[Releasing] Deprecation - we are doing that wrong

Knoll Lars Lars.Knoll at theqtcompany.com
Thu Feb 4 12:09:52 CET 2016


I also believe Option D (ie. We don’t ship them) is the best idea. It can’t be that modules that we said are unsupported block us from getting a release out.

Here is how I think we should do things:

We remove qtquick1 and qtwebkit from the set of modules we compile and test when doing qt5.git integrations. Like that these modules will not ever block us from getting a release out.

We know that these modules are still in use in some places, and that Linux distributions and some of our customers would appreciate some tar ball that compiles and works against 5.6, so that they can update their stack. To accommodate for this, we can spend a bit of time to get the 5.6 branch of these modules passing in CI. That can be done completely independent of our packaging and release process, and doesn’t have to happen at the same time. Once we have a version that passes CI, we take the source tar ball created by CI, put that onto our ftp server under 5.6/unsupported/qtquick1.tgz (or similar). 

This means that our 5.6 release doesn’t anymore have _any_ dependencies towards these modules. We can do some work on them independently, and then at a later state release some source tarball for them.


On 04/02/16 11:43, "Releasing on behalf of Robin Burchell" <releasing-bounces at qt-project.org on behalf of robin+qt at viroteck.net> wrote:

>Well written mail :)
>On Thu, Feb 4, 2016, at 09:15 AM, Jędrzej Nowacki wrote:
>>  From time to time we are deprecating/removing a module. Great it is normal 
>> that certain technologies fade out. We announce that the module is
>> deprecated and removed, then people start complaining, it is also normal. Nobody
>> want to upgrade software because it is costly. Then we get scared and we say, "ah 
>> don't worry it is deprecated, but we will keep it working for a while and
>> we will still ship packages with it...". That in my opinion is not normal.
>Agreed. If a spade is a spade, call it a spade. If nobody is working on
>it, and nobody will be working on it for valid reasons (whether
>technical like QtQuick1, or business in the case of QtWebkit where AIUI
>there simply aren't enough resources to dedicate the required effort to
>it), then it's deprecated, whether or not that's a popular announcement
>to make.
>Making that announcement takes courage, I'm sure, but it gives a much
>better impression to see deprecated technology that doesn't work rather
>than trying to use something (because it has no obvious warning label)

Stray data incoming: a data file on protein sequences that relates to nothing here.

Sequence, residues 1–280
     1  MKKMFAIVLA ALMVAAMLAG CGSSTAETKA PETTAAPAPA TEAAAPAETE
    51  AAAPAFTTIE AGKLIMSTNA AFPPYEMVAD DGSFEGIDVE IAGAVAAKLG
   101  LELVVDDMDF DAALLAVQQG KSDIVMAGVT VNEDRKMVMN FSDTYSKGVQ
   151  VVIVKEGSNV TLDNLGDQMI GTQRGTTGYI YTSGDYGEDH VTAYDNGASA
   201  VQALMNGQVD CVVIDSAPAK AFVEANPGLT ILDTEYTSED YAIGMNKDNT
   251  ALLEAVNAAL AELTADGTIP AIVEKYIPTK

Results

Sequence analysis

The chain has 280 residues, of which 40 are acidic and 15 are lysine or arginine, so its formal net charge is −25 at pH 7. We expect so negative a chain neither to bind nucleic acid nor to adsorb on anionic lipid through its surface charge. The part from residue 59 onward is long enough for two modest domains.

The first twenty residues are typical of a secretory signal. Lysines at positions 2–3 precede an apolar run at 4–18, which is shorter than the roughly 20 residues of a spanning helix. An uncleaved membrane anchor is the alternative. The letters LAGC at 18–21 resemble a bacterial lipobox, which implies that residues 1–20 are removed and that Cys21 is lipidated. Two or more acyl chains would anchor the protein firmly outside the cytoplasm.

>and then wondering why it's massively broken. This, in turn, could give
>Qt a bad reputation to newcomers who don't understand this situation
>(and quite rightly so: it would be a bad one).
>> There are a few problems with it:
><snip>, no disagreements here...
>>  I see a few options:
>> A. we ask someone to maintain a deprecated / removed module, but then I
>> guess it would be better to change the status to Done.
>I don't think this is in practice an option, because in reality this is
>little more than life support. It basically means "we'll keep the lights
>on and fix compilation/test failures but nothing else" which in turn
>leads to the reputation hit that I already mentioned.
>> B. we can disable tests run on Qt5 for deprecated / removed modules. It
>> would allow us to make the release, but essentially a module would stay locked
>> down as it is now (currently you need to stage a few changes in one go to pass
>> CI)
>This sounds like 'c' with tests kept enabled for the module itself if I
>understand you right. And I don't like that option, it's very easy for
>tests to fail for reasons completely outside that module's control, and
>that shifts the headache from releasing onto making trivial compilation
>fixes (oh, I want to remove this semicolon that is now a warning with a
>new compiler, but I have to fix 60 other issues that broke in the
>meantime too.. yeah, maybe I just won't bother).
>> C. we can disable tests completely for such modules. So we would assume that 
>> if they compile then they are good enough. You know what are the consequences 
>> of it.
>Yes, but it also reflects reality: it's deprecated. There's nobody
>working on it. If nobody is working on it, there should be no real
>change going on in the module itself, and the deprecation has already
>indicated that we don't want to spend resources on testing and
>maintaining it. So this sounds better, since it allows trivial fixes
>without blocking either those fixes or releasing efforts.
>It does have the obvious downside of potential breakage. Perhaps staging
>should be restricted to either someone who wants to volunteer to
>undertake that for that module (or maintainers, collectively), who would
>be responsible for vetting changes to make sure they _are_ really just
>simple compilation fix-type things.
>> D. we can avoid shipping them completely
>Honestly, I'd prefer this. Deprecated (to me) means zero effort
>expended, but I guess there was already a decision taken to reverse this
>for reasons I'm too lazy to go find out right now. I guess a combination
>of C & D could also be an option: don't ship them, and disable testing
>to enable easy fixes from whoever wants to volunteer to go make them.
>  Robin Burchell
>  robin at viroteck.net
>Releasing mailing list
>Releasing at qt-project.org

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